Monitor nurseries for appropriate learning

Thursday February 27 2020



The number of nursery schools across the country keeps growing every year. This would be a positive development if the proprietors of these schools were out to actually make the children learn and prepare them for primary and other levels of education.

Unfortunately, many nursery schools are out to make quick money. In the process, many of the guidelines set by the Ministry of Education are abused. This, coupled with lack of inspection from the relevant authorities, the schools are not held to account.

Consequently, parents are not given value for money as their children benefit little, if at all, during the two or three years spent at pre-primary centres.
Yet the early childhood development policy by the National Curriculum Development Centre approved in 2007, stresses the importance of Early Childhood Education (ECD); the early stimulation of different parts of the brain to provide social and learning advancement throughout life. Such care does not produce a self-centered child, rather a child who trusts, is curious, strives to learn new things and is skillful in social interaction.

It is also stated that care should be taken in handling children at this stage because any mistake made may have a lasting impact on the learner. All stakeholders should play their role in ensuring proper childhood development.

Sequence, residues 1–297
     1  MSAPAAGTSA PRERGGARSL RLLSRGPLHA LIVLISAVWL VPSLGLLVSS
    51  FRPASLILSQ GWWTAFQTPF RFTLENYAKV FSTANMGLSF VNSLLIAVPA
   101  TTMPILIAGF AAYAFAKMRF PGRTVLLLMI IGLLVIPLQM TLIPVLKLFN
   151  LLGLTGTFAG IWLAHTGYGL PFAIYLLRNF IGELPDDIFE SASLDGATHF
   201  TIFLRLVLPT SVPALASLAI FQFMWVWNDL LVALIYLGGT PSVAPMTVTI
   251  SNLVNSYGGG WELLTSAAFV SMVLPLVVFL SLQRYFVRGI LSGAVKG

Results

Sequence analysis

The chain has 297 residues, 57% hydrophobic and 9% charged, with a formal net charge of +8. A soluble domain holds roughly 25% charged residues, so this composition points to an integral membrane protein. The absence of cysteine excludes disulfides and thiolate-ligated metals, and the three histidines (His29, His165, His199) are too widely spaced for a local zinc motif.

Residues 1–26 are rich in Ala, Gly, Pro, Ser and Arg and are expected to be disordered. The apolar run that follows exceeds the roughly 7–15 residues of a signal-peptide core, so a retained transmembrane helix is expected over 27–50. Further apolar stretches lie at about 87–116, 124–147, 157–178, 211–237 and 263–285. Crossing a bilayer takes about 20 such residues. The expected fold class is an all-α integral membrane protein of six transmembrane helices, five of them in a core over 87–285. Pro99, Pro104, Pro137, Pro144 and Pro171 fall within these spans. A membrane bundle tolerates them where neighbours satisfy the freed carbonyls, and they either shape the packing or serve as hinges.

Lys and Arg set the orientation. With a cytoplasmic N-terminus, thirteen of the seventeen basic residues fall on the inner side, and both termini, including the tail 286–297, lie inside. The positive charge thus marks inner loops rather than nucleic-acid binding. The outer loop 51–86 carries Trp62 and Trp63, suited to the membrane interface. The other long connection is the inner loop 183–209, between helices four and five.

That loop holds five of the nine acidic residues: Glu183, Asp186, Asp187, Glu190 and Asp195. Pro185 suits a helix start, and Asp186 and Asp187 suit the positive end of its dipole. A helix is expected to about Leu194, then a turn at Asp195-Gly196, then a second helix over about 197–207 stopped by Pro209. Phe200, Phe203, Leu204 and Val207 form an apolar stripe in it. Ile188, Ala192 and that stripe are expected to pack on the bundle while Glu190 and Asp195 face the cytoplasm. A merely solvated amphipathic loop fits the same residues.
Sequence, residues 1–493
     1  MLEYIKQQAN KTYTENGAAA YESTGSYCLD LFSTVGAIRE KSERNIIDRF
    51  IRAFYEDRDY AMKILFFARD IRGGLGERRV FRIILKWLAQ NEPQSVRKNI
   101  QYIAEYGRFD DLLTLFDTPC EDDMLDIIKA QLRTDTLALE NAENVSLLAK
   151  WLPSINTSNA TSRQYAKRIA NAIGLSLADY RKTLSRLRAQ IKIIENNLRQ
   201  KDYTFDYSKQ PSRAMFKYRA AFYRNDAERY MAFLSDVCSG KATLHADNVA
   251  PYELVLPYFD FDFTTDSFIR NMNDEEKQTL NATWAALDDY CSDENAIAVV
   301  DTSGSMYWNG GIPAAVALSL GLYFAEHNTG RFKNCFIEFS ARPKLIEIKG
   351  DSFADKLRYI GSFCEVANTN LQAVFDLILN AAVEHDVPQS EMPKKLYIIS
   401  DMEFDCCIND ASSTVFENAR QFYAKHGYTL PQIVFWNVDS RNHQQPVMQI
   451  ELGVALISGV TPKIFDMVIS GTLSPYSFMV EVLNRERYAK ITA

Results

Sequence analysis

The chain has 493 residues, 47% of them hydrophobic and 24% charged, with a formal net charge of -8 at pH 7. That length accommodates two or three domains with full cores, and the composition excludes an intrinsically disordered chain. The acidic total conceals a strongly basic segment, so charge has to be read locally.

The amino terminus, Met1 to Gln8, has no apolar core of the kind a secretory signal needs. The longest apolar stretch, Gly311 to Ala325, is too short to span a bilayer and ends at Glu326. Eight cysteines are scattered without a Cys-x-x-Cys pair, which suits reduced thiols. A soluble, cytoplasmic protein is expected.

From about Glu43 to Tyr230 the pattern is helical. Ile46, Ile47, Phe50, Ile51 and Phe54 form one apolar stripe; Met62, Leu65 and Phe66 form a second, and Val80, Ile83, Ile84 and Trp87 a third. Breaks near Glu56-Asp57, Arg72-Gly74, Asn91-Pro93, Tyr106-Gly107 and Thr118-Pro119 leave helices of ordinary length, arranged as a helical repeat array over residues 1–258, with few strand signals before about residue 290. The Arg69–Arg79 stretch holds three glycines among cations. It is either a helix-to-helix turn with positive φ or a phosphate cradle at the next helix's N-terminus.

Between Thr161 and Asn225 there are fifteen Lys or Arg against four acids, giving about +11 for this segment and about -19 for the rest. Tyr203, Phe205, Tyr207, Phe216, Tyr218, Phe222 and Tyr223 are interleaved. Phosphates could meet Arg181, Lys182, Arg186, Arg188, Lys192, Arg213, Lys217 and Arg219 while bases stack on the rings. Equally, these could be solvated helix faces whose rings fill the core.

The Daily Monitor of February 26, published a story: ‘Nursery centres not doing the right thing -official’ in which Ms Kedrace Turyagyenda, the director of educational standards at the Ministry of Education, says many early childhood development centres, teach Primary One syllabus and deprive the children of the ability to learn what is appropriate for their age.

She said some of these centres start operations without clearance from the authorities hence they lack minimum required standards. The danger in this is that children are cheated of a good start in their education by such centres.
It might be difficult to monitor all nursery schools across the country, but there must be a working policy in place that holds them accountable to make sure they follow the ministry’s set guidelines.


It is also important that we emphasise investment in early child education as this forms the foundation for a child’s development and formal learning process.

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